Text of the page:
The question of quality over quantity is a no brainer. Would you rather win a three-week vacation to the Somerset, New Jersey, Comfort Inn or three nights at the Hôtel Ritz Paris? Would you rather eat at Panera Bread twice a month, or have dinner biannually at Eleven Madison Park? Would you rather be in possession of an army of thousands of mercenaries or a dragon?

The choice seems pretty clear, not the least because, after three weeks, Somerset begins to lose some of its charm, you eventually get sick of ordering the same sandwich from Panera all the time, and repeatedly losing to Daenerys Targaryen gets boring. The important part of this equation, though, is the fact that you do get a choice; in many facets of our lives, we still get to pick if we want lots of little things or one really nice thing. For fans of television, though, that choice is narrowing as HBO, the longtime bastion of "prestige television," creeps closer and closer towards Netflix's tantalizingly profitable "quantity" model.

The first sign of trouble came last summer, just after AT&T completed its acquisition of Time Warner Inc., and with it, Warner Bros., HBO, Turner, and brands like Bleacher Report and the beloved streaming service FilmStruck. In a July 8 company meeting with HBO employees, AT&T executive John Stankey announced: "I want more hours of engagement." As he put it, HBO needed "hours a day. It's not hours a week, and it's not hours a month … You are competing with devices that sit in people's hands that capture their attention every 15 minutes." By October, AT&T had shuttered Filmstruck for being too niche; by winter, AT&T CEO Randall Stephenson was reassuring he had no plans to turn HBO into "another Netflix." But yesterday, after the government's final antitrust challenge against the merger failed in court, the longtime chairman and CEO of HBO, Richard Plepler, announced he was resigning.

You may not know Plepler's name offhand, but you'll be familiar with the phenomenon he is credited for: the so-called "Golden Age of Television." Shows like The Sopranos, The Wire, Sex and the City, Veep, and more recently Westworld and Game of Thrones, all came during his tenure; HBO won more than 160 Emmys while Plepler was at the helm, The New York Times reports. But Plepler's exit — for which he offered no direct explanation — not only threatens the Golden Age of Television, but the very philosophy that allowed its rise. It is a symbolic end to what Plepler summed up to The Wall Street Journal in 2017 as "more is not better. Only better is better."

The creeping Netflixification at hand represents an about-face from Plepler's understanding of HBO's role in the increasingly crowded streaming marketplace. In 2018, Netflix put out more than 90,000 minutes in original content, including some 58,000 minutes of original series; to keep up, Quartz found, would be an entire part-time job. That's not to say there haven't been great Netflix TV shows — the platform is home to Orange Is the New Black, House of Cards, and Russian Doll — but there is a downside to trying to give users an endless ocean of exactly the content they want. One need look no further than the example of the multi-film deal Netflix inked with Adam Sandler, whose terrible The Ridiculous 6 (0 percent on Rotten Tomatoes) was also the streaming service's most-watched film ever in its initial 30 days back in 2015 (it has likely since been surpassed by Bird Box, although Netflix famously doesn't reveal its viewership). In the TV realm, this means dozens of shows, binged one week, are forgotten the next. When's the last time you heard someone talk about Altered Carbon, Haters Back Off, Girlboss, or Between?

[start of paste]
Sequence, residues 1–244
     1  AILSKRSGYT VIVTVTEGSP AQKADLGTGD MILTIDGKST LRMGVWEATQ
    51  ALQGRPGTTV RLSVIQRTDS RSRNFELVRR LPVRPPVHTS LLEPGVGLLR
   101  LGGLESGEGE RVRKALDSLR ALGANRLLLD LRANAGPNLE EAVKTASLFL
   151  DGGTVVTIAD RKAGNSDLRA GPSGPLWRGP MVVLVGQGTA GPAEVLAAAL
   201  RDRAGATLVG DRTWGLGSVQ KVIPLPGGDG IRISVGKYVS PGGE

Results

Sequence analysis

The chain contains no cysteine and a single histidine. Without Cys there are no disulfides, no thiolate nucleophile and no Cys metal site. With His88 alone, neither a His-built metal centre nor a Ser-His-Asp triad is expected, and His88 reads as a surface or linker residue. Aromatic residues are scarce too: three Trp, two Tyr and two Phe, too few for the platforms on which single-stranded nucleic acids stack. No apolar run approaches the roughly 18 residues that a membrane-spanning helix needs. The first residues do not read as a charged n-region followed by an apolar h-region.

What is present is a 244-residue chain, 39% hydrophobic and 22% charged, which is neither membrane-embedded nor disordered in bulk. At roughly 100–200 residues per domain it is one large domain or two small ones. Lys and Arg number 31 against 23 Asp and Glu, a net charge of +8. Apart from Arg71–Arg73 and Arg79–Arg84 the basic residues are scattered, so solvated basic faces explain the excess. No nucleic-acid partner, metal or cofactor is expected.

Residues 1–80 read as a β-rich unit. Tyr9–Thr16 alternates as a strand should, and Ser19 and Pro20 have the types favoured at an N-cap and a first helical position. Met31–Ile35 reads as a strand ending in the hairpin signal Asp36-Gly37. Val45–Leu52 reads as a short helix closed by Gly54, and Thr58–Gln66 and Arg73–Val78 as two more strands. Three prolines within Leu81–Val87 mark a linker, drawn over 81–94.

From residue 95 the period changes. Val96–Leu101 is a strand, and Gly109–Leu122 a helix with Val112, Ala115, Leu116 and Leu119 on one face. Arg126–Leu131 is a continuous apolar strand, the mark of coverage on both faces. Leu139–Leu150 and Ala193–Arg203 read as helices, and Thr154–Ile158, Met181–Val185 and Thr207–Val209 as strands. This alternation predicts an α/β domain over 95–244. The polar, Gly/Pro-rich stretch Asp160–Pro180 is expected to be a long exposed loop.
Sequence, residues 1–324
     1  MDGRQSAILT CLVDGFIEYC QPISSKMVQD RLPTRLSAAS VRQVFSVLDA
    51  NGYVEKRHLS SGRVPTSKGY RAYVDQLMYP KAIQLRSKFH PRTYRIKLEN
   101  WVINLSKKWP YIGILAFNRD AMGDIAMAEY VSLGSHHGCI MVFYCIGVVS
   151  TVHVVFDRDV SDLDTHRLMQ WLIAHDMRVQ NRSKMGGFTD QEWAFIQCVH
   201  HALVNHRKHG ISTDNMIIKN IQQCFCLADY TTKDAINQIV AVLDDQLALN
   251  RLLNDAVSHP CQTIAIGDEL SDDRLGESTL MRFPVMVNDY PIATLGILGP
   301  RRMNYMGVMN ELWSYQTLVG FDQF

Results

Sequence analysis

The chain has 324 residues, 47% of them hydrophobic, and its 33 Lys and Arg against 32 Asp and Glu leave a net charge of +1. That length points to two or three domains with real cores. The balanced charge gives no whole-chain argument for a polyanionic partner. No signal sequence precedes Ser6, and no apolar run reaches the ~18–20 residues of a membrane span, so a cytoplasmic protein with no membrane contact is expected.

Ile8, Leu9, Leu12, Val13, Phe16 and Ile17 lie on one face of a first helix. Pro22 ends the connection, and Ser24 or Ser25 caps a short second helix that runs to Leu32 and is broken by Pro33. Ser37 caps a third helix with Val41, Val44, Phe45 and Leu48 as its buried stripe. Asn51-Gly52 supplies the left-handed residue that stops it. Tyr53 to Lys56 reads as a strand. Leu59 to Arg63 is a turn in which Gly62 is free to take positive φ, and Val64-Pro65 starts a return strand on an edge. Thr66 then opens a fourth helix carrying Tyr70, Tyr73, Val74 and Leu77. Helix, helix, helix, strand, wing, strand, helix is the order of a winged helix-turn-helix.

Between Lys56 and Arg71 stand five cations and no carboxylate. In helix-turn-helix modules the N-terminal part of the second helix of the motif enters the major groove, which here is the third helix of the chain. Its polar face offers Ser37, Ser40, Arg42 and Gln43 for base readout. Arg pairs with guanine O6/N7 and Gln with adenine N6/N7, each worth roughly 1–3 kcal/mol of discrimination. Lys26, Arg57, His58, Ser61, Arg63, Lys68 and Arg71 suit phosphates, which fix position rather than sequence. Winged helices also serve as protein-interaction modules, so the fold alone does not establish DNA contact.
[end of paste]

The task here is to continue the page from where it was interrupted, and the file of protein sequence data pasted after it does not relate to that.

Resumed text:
While HBO wanted to make the best television in the world, Netflix went for global domination. Opening the Netflix app is almost a painful process, with autoplay trailers hawking the next it TV show with as much boisterousness as the holograms in Blade Runner. Finishing one episode of TV, another immediately begins; Netflix even allows users to skip show intros to further streamline binging. Netflix wants to be in front of your eyes at all times. HBO, by contrast, is a destination, an app you open specifically to finish Big Little Lies.

Fascinatingly, there doesn't need to be an either/or dynamic here at all. Despite how AT&T is treating it, HBO is profitable; a year ago in February, the premium network added the most subscribers in its history. In 2017, more than 60 percent of people who subscribed to HBO Now also subscribed to Netflix, indicating there are different demands being fulfilled for users by both services. That is likely only to grow; by 2020, 62 percent of Americans are expected to subscribe to at least two streaming services. But as one particularly prickly exchange between AT&T's Stankey and HBO's Plepler went last June:

... Mr. Stankey said, "We've got to make money at the end of the day, right?"

"We do that," Mr. Plepler responded.

"Yes, you do," Mr. Stankey said. "Just not enough." [The New York Times]

The mistake here is in likening HBO and Netflix as true competitors. There is nothing wrong with the Netflix model, just as there is nothing wrong with eating at Olive Garden or reading movie tie-in paperbacks. What is a problem is determining that, due to the success of quantity, there is no point in continuing to invest in quality.

With Plepler's exit, HBO looks to already be past the point of no return. The bigwigs at AT&T peered in their pocketbooks and made their call: More is, in fact, better.

Editor's note: A previous version of this article misstated the amount of original content Netflix released in 2018. It has been corrected. We regret the error.